The current media narrative is anti-Trump 24-7. He is bad. And of course all those celebrities and other people are waiting in line to flee the country and renounce their citizenship. So I was contacted by a reporter of a well-known news network who is writing an article on people who are renouncing their USA citizenship because of Donald Trump. He asked me:
- If there has been an increase of traffic to isaabrocksociety.ca since the November election.
- If anyone had contacted us with questions about renouncing directly linked to Trump.
Here is my response:
There has been no uptick in traffic to our website, and no one anti-Trump has contacted me in my function at Isaac Brock. I do not predict an uptick in renunciations over Trump. People are renouncing for practical reasons. Anti-Trumpism is fanatical, but Trump has not so far caused real problems for American citizens. FATCA, citizenship taxation, the Obama enforcement of FBAR, CBT and FATCA, and the compliance condors have created real problems for so-called “Americans” abroad–especially those of us who are little older and more established financially. Trump just seems to make some American citizens really angry but has not yet substantially harmed them (at least I do not know of concrete examples).
I had one person contact me on behalf of someone who owns property here in Canada, wanting to know the tax implications of moving to Canada and how one might transfer bank assets. This person was not asking about renunciation of citizenship–just the tax implications of moving to Canada (and how to move assets). She did not know I run the Isaac Brock Society. I know her from Facebook for other reasons.
I see that one of the problems with the shrill anti-Trump narrative in the mainstream press and social media is that the wrongs done against expats have been completely ignored. When I talk about the wrongs that Obama did, I am scorned.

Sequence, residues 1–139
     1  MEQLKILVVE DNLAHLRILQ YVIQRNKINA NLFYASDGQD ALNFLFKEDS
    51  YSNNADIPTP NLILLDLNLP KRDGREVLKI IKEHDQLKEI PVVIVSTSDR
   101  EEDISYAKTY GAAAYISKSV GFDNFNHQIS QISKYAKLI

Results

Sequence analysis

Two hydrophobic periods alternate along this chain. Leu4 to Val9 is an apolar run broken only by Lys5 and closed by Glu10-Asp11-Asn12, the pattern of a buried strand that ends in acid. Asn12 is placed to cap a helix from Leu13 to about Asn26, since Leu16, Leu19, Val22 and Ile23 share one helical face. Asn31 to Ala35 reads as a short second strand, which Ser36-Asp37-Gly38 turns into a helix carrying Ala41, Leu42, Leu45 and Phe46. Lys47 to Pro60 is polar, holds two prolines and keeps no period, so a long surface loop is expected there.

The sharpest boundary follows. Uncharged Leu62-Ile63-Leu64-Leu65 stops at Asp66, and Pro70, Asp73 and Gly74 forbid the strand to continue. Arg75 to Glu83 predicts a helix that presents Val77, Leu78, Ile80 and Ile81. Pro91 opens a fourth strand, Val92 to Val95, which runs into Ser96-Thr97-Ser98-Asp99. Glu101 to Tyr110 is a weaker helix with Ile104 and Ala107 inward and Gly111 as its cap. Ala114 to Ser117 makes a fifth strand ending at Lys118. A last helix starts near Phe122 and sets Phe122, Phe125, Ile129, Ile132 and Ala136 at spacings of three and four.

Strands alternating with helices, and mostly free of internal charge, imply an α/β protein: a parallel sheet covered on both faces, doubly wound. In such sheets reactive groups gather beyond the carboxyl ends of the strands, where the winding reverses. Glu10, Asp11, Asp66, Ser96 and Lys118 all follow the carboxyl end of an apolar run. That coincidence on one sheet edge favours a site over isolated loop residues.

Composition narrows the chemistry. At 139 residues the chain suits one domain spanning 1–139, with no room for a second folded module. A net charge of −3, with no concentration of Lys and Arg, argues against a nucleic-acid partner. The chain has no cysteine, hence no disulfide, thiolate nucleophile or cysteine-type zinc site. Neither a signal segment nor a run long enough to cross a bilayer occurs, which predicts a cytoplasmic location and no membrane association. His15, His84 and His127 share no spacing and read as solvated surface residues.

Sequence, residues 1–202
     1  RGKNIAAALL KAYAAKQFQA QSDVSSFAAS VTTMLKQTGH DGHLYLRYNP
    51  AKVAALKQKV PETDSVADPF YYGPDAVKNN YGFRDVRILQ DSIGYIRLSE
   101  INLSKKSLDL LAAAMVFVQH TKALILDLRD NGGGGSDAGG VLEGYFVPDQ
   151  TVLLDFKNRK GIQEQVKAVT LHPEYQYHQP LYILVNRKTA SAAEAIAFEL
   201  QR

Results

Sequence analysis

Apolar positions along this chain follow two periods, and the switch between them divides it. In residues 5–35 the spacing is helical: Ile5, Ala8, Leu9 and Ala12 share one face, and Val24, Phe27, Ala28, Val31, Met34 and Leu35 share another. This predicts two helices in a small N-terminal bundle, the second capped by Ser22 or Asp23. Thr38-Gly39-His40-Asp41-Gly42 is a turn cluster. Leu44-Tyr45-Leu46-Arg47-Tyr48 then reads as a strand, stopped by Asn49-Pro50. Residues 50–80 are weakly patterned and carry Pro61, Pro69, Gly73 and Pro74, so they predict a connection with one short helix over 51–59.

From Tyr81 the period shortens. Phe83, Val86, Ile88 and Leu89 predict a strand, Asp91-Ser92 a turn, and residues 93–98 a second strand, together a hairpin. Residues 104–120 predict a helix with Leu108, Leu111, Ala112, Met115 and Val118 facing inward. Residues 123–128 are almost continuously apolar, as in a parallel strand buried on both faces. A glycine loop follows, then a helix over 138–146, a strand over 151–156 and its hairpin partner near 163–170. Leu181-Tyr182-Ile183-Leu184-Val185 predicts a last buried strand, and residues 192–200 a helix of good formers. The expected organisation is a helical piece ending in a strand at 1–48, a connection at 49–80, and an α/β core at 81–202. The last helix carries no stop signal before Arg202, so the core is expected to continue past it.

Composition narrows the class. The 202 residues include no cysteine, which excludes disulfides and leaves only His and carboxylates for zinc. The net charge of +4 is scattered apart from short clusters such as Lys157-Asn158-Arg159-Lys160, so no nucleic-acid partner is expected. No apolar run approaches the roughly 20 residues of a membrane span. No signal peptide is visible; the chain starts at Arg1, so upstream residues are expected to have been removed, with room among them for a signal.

Trump may eventually reverse FATCA, but I do not hold out hope. Nevertheless, in the current persecution of expats Trump only continues the demonic policies of his predecessor.
Here is a reminder of why Peter Dunn relinquished his USA citizenship:
@Calgary. Out of curiosity I took a look at the Sunrise Adoption page you linked above. They are to be commended for providing fair warning regarding the adoption of US born children. Unfortunately, at the same time they are spreading incorrect information about the subject.
For example, they mention renunciation as a way of eliminating US citizenship complications. We all know it is effectively impossible for a minor child to renounce their US citizenship. There is no realistic chance of that happening until age 18. They then go on to state that one cannot renounce US citizenship without being totally up to date on all US tax filing and informational reporting (FBARs) obligations. We all know that is not true, either. I suppose such misinformation is not really surprising considering how complicated the subject is.
Perhaps someone needs to gently encourage Sunrise Adoption to correct and update what is obviously a good faith attempt to provide useful and important information.
Thanks. The link you provided no longer goes to direct information on children adopted from the US, but a search of international adoptions say this adoption from the US have decreased. No surprise there!
I too noticed the inaccuracies in the Sunshine article (with updated link) but they are relatively minor points. They are at least well-intentioned in terms of warning potential adoptive parents.
I have no idea how this works, but if a child adopted from the US is given new Canadian documentation without US place of birth or other indicia then they are FATCA-proof and US citizenship should not be a concern. (Presumably they don’t bring along the original birth certificate with name or names of the biological parents.)
I don’t know the in’s and out’s either. Perhaps prospective parents wishing to adopt should also check out US government sites for the important process in adopting a child, from the US or elsewhere:
My children were born on or after April 17, 2009
Your children will only be Canadian at birth if you:
were born in Canada, or
became a naturalized Canadian citizen before they were born. (If you were adopted, see the exception below.)
There are exceptions to these rules.
You were born outside Canada and adopted by a Canadian
Your children born outside Canada will not be citizens if you were:
– born outside Canada,